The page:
Her Fearful Symmetry-Review

So I spent all evening Sunday and all morning Monday chugging away through this book.  Her Fearful Symmetry was published a while ago, but I put off reading it so that the hole that The Time Traveler’s Wife left in my heart could heal.  I was worried that Her Fearful Symmetry was going to be a total U-Turn from her writing style in The Time Traveler’s Wife, but the story was still just as captivating. And, well, weird. Not to mention a little confusing.

I’ll try not to get into the details, but basically the story begins with the death of Elspeth Noblin, the aunt of Valentina and Julia Poole.  In her will, she asks the sisters (and identical twins, mind you) to live in her flat in London for a year before selling it or doing what they will with it. The twins’ parents are also not allowed to enter the flat at any time. The twins comply and move to London. There they meet Martin,  who has severe OCD ( I certainly relate to him well) and whose wife leaves him to escape his never ending rituals throughout their flat.  Then they meet Robert, the “boyfriend” shall we say, of Elspeth, whom is a tour guide at Highgate Cemetery and is writing his dissertation on said place. (Did you know Karl Marx is buried there? Neither did I.) As I mentioned earlier, the twins are inseparable. For being identical, they are opposites in personality. Julia is convinced that they are going to be together forever, while Valentina wants to go to college, get married, and have a life separate from Julia. (She’s getting awfully tired of Julia telling her what to do all the time). Enter Elspeth, who joins the story in ghost form, trapped in her flat that Julia and Valentina now reside in. At first she can’t be heard or seen, but eventually gains enough strength to be heard through a ouija board. (Did I spell that right? Doubt it.) Yes. I know. Anyway, Valentina comes up with this crazy plan to “kill herself” so that she can escape Julia and have her own life.  Some more stuff happens, including bad things, and yeah, if I say any  more, I’ll obviously spoil the ending for you. That’s my synopsis right there.

I was very impressed by Audrey’s portrayal of Elspeth as a ghost, and delving into what life would be like as a ghost without getting too creepy and whatnot.  She also gives us a glimpse into the lives of twins, and what it would be like if we saw another one of ourselves all the time. The book itself was very easy to get into, and I literally only put it down to eat and sleep. However, it wasn’t nearly as gripping as Audrey’s other works. That could be good or bad, because after reading The Time Traveler’s Wife, I cried off and on for 3 days or so. I didn’t have that problem here. I did form a connection with the characters, but it wasn’t as deep as in other books I’ve read.  I still feel rather conflicted about this book, mainly because of how it ended.  The book had the right amount of complexity and detail to keep you curious and keep you reading.  However, I was disappointed, and rather conflicted about the ending. It wasn’t a horrible ending I suppose, and it wasn’t exactly a happy ending. But it kind of leaves you hanging, asking yourself, “Uh, what just happened??!!!” I still don’t understand exactly why everything played out as it did and from the little information given at the end I can’t really create a personal epilogue.  But what do I know? Maybe Audrey intended it to be that way. Still, I can’t help but feel like the story was incomplete. Something was missing that would have made the book stand out from other books I’ve read.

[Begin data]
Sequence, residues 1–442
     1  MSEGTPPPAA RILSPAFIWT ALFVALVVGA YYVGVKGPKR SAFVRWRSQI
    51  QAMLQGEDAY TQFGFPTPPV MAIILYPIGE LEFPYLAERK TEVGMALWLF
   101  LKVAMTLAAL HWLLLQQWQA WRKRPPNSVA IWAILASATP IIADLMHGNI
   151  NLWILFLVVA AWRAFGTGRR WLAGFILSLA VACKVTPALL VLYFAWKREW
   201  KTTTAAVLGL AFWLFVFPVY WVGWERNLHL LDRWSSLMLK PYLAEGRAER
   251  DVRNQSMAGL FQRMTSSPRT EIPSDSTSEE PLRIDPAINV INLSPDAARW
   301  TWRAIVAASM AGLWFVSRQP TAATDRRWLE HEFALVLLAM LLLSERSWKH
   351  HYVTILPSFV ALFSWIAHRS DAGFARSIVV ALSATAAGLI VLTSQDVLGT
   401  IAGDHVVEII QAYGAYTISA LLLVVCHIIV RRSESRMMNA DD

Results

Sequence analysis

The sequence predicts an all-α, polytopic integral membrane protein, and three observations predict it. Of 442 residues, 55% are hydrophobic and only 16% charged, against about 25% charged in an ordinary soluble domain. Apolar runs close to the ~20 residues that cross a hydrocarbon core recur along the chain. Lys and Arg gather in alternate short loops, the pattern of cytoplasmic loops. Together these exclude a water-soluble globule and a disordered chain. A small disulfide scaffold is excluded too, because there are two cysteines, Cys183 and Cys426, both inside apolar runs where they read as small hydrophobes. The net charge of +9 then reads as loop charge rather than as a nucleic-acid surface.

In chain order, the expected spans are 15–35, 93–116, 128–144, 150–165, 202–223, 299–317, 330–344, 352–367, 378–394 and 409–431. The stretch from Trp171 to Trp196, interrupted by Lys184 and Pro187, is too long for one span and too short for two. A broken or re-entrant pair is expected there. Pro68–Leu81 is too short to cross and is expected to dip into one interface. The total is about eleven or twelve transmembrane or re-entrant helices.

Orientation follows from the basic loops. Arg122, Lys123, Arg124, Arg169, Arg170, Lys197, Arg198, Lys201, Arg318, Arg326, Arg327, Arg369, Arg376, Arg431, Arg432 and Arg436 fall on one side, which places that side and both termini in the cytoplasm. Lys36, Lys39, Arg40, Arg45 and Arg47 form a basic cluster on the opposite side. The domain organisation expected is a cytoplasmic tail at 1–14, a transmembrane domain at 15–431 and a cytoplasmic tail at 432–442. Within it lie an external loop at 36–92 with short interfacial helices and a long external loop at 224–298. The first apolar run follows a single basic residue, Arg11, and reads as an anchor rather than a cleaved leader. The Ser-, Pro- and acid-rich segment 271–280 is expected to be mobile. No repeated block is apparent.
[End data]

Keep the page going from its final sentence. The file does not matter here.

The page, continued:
All in all, this book was worth the read, though can’t see myself reading it again (I don’t like reading books over again anyway). It was enjoyable to read though.  As with most of Audrey Niffeneger’s books, I would definitely rate this PG-13 at least, but wouldn’t recommend it to anyone younger than 18 for sure. I was thankful that this novel wasn’t nearly as graphic as The Time Traveler’s Wife (which should really be rated R) but it still contained some content that I wasn’t very happy with. Call me a snob, or a prude, will you, but I have standards.

So that’s what I got to say about that.

What should I read next???

-Shelby

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